The idea of in-class writing assignments is one that I support. As opposed to the stresses of tests, in which students must rely on poor memory and fight against the constraints of time in order to get a product on paper, the in-class writing assignments created an opportunity for the exact opposite. In the first one, being allowed to utilize books and other resources contributed to the creation of a more accurate and full response at the end of each assignment. Another aspect of both assignments, which is unusual in the English classroom setting at the University of The Bahamas was the collaborative component; this aspect was quite refreshing as in English classes I had become increasingly conditioned to working on my own in the completion of work. Not that encouraging individual work is negative, however, it can be quite stressful and time-consuming to have to approach an assignment on one’s own. In the first in-class writing assignment especially, what did serve as a restriction was the time limit, seeing as three questions had to be answered as well as responding to the work of a fellow peer. Had I given too much time to my own three questions, my response to my peer’s work would not have been as developed as it could be. Though this could be a limitation, this encourages time management skills, which is necessary in cultivating students’ respect for time. I also believe that choosing two questions out a list of five and then responding to the work of my peer would be more feasible, which provides students with more time to handle each aspect of the assignment appropriately. However, since it was not aim for students’ responses to be lengthy, then three questions were most likely appropriate for the first assignment.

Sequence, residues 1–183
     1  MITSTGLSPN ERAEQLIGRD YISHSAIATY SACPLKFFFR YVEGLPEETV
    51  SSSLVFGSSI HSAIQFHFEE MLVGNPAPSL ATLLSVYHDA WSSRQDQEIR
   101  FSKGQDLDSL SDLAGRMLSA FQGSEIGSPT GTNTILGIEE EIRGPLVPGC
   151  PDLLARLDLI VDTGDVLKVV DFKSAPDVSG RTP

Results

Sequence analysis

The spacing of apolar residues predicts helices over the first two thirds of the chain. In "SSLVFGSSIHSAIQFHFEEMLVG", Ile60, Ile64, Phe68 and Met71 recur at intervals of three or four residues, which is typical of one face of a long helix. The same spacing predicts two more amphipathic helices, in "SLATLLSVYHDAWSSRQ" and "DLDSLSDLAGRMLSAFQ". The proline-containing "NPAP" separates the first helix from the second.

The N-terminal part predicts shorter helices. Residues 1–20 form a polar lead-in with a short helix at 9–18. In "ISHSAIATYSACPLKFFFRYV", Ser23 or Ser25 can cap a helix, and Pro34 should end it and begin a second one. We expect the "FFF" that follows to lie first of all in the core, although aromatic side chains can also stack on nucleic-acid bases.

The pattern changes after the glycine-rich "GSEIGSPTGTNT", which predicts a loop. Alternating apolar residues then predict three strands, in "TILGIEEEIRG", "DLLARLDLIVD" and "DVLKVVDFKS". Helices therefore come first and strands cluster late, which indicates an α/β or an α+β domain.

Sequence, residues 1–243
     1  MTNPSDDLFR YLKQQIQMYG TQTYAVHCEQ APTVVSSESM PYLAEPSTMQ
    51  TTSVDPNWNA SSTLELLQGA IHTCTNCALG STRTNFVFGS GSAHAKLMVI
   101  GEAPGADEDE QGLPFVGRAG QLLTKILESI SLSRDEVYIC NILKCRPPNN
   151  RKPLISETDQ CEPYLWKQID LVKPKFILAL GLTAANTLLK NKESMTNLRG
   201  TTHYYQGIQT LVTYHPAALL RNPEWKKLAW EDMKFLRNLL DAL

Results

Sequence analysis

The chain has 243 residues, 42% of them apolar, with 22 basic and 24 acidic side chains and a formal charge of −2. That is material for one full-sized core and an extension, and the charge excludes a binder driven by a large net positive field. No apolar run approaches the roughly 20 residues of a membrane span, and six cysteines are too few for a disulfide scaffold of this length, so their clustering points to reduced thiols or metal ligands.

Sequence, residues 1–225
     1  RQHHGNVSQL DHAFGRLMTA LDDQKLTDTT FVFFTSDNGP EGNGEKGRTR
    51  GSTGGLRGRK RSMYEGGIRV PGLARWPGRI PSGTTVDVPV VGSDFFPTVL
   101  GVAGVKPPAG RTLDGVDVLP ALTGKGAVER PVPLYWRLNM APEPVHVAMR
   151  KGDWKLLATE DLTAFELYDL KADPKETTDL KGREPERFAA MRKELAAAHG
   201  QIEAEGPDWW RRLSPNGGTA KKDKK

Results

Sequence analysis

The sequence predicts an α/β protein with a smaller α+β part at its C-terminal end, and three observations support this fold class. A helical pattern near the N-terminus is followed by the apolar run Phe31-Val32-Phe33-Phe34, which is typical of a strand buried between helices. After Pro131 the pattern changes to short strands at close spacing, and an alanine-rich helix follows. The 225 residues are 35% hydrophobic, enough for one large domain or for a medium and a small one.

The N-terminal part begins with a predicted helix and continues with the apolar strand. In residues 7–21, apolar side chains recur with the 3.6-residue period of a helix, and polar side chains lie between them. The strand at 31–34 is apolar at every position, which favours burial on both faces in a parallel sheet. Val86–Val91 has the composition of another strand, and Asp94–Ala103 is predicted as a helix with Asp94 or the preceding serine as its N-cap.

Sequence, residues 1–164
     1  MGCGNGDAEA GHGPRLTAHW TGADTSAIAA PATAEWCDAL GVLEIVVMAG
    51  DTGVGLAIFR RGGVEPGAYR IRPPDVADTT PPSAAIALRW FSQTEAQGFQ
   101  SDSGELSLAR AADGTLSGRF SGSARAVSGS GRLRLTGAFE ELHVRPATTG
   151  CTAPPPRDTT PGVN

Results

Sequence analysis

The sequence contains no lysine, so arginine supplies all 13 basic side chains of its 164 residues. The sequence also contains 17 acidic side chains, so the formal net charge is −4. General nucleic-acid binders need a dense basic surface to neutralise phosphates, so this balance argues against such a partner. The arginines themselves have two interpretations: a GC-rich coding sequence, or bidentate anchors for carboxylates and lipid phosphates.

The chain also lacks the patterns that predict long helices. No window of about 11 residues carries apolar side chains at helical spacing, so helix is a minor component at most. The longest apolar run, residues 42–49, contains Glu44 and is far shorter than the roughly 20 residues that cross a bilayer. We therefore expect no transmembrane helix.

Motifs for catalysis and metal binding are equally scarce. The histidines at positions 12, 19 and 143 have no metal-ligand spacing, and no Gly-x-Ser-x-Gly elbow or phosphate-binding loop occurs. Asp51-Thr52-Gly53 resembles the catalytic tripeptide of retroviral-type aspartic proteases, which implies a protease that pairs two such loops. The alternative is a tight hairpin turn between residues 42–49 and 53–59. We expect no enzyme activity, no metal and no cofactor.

Both assignments exposed me further to the practice of critiquing the scholarly work of my peers as is done in higher levels of academia, however, it is the second in-class assignment in particular that lessened the academic pressure on me. It was quite enjoyable and refreshingly different to work with my partner in discussing our perspectives and analyses of the text. This validated, clarified and reiterated mine and my partner’s thoughts about the text as well as pushed us to consider alternate readings/interpretations. The experience further iterated the idea that persons’ interpretations of texts can significantly differ and in those differences can some value be derived. Whereas my interpretations could have been more literary based, my partner offered a theatric critique. We were able to successfully marry our interpretations to create one. The challenge came along when our thoughts about the text had to be translated into essay form, which required much more effort and attention to detail. Nevertheless, the experience resulted in a short, sweet and concise analyses of Mud and I appreciated the experience.